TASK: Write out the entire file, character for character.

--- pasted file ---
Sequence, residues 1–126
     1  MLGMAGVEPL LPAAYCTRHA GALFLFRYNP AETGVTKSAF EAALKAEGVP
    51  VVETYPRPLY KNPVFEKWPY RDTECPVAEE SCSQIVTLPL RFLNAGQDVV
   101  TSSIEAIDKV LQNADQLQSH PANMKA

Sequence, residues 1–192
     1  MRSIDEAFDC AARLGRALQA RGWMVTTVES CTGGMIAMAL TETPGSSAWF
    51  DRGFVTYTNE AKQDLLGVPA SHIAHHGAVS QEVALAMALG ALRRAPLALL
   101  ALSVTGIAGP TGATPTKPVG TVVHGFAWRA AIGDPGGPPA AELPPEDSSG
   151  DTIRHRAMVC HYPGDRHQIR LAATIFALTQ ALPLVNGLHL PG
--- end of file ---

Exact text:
Sequence, residues 1–126
     1  MLGMAGVEPL LPAAYCTRHA GALFLFRYNP AETGVTKSAF EAALKAEGVP
    51  VVETYPRPLY KNPVFEKWPY RDTECPVAEE SCSQIVTLPL RFLNAGQDVV
   101  TSSIEAIDKV LQNADQLQSH PANMKA

Sequence, residues 1–192
     1  MRSIDEAFDC AARLGRALQA RGWMVTTVES CTGGMIAMAL TETPGSSAWF
    51  DRGFVTYTNE AKQDLLGVPA SHIAHHGAVS QEVALAMALG ALRRAPLALL
   101  ALSVTGIAGP TGATPTKPVG TVVHGFAWRA AIGDPGGPPA AELPPEDSSG
   151  DTIRHRAMVC HYPGDRHQIR LAATIFALTQ ALPLVNGLHL PG